It only took a billion years or so, but the black holes of two merging galaxies are finally colliding together in a colourful spectacle photographed by NASA’s Hubble Space Telescope.

“Deep inside the dusty, messy cores of merging galaxies are pairs of black holes feasting on material and moving closer to coalescence,” a tweet on the Hubble Telescope twitter account read.

According to NASA, a “galaxy merger” is a slow process that can take more than a billion years to complete.

“Two galaxies, under the inexorable pull of gravity, dance toward each other before finally joining together,” the space agency said in a release. “Simulations reveal that galaxies kick up plenty of gas and dust as they undergo this slow-motion train wreck.”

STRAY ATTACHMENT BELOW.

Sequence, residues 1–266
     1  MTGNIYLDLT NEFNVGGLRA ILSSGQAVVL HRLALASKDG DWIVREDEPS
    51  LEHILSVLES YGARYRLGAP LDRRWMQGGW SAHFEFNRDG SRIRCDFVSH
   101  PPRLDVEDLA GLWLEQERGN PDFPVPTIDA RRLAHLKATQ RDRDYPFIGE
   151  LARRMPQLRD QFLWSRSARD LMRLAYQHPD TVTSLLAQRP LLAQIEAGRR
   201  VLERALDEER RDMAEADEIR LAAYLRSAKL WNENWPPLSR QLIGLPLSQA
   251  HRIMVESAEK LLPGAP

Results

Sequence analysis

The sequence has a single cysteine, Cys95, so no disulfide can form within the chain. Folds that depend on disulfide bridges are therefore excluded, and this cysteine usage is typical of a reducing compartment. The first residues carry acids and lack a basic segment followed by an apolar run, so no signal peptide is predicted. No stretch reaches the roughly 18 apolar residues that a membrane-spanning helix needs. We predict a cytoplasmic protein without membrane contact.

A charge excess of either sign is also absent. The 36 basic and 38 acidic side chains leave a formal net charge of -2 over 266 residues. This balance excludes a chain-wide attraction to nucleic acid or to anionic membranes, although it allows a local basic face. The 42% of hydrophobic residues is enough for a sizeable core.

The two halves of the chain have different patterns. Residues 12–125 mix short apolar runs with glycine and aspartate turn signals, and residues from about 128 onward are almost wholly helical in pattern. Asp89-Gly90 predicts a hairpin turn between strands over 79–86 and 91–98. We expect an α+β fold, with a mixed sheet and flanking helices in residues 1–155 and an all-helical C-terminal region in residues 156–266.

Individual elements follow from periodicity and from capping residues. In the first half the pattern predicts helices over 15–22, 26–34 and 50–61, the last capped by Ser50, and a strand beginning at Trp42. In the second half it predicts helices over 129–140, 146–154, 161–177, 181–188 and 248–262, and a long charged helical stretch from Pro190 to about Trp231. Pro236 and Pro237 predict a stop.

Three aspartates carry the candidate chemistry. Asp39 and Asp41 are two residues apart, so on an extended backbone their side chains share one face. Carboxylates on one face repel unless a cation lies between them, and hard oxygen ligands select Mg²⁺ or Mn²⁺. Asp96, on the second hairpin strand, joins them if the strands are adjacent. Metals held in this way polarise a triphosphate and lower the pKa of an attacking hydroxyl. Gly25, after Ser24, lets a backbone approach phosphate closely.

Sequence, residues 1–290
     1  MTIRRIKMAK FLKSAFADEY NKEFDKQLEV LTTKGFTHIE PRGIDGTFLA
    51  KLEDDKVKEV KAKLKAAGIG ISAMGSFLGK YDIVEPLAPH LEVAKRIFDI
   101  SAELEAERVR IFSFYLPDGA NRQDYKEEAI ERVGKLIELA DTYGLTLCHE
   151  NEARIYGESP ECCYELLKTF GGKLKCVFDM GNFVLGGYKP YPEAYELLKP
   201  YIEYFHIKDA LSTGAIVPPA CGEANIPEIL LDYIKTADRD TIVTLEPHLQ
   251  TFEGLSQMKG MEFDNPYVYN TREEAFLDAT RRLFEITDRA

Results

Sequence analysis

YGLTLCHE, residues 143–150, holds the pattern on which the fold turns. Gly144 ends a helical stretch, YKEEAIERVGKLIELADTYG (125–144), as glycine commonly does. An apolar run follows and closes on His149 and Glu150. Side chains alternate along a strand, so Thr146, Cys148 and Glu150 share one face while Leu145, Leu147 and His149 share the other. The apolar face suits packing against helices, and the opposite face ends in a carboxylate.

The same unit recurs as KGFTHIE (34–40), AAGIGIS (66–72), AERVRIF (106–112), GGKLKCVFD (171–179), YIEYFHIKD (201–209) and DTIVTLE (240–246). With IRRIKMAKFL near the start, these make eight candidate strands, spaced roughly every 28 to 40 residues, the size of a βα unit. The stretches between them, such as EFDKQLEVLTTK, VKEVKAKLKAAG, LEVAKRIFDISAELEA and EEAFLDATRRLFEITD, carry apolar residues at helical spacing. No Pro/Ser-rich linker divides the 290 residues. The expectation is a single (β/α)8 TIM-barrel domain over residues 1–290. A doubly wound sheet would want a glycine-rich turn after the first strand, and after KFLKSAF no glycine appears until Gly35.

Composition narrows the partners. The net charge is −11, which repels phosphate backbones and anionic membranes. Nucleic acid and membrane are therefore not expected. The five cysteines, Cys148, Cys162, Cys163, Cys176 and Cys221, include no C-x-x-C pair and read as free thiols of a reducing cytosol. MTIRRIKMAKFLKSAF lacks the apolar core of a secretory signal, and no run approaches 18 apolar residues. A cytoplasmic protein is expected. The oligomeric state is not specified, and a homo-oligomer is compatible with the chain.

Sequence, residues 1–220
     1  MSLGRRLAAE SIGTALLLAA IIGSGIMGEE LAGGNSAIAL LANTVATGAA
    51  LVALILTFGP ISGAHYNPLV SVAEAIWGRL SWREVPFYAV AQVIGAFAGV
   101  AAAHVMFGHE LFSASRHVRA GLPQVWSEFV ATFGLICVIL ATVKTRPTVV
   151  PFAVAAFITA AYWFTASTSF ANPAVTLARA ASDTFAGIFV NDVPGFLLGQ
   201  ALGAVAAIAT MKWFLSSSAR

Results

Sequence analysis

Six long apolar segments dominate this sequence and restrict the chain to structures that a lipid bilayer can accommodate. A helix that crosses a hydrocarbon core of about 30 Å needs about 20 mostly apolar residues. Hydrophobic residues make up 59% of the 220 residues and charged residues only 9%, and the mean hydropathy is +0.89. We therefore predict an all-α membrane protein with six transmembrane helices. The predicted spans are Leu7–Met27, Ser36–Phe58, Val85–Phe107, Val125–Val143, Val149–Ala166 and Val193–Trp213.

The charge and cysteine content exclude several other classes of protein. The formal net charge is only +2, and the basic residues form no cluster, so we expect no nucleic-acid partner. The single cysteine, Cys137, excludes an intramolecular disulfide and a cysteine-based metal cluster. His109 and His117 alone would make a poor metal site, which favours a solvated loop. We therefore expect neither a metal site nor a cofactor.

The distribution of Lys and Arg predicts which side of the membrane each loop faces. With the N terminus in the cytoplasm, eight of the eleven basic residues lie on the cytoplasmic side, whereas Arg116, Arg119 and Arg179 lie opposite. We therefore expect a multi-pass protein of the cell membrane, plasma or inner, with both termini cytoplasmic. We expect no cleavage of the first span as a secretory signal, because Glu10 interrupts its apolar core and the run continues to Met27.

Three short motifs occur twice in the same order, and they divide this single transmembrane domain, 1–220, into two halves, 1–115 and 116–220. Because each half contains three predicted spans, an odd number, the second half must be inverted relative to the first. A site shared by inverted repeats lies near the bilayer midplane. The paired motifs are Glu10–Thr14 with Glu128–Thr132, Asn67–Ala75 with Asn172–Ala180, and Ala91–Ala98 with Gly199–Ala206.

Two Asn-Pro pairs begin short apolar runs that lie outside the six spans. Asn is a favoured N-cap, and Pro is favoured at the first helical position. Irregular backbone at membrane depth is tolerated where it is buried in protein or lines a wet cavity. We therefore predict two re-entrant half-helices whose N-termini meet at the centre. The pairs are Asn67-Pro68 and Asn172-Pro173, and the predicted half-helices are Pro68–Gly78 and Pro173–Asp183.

The Hubble Space Telescope and the W. M. Keck Observatory in Hawaii captured the incredible high-resolution images over a 20-year period.

In the photos, the galaxies’ bright yellow cores can be seen crashing into each other as they’re encased by a cloud of dust and gas in what the researchers call the “final stage” of their union.

“Seeing the pairs of merging galaxy nuclei associated with these huge black holes so close together was pretty amazing," Michael Koss, one of the researchers from Eureka Scientific Inc. who studied the images, said in a release.

The astronomers said black holes grow the most quickly during the final stages of a galaxy merger, which they witnessed in this case.

“The fact that black holes grow faster and faster as mergers progress tells us galaxy encounters are really important for our understanding of how these objects got to be so monstrously big,” researcher Laura Blecha from the University of Florida said.

The images may also provide some insight into another galactic collision that will occur in our own “cosmic backyard” in several billion years when the Milky Way merges with neighbouring Andromeda galaxy, the NASA release said.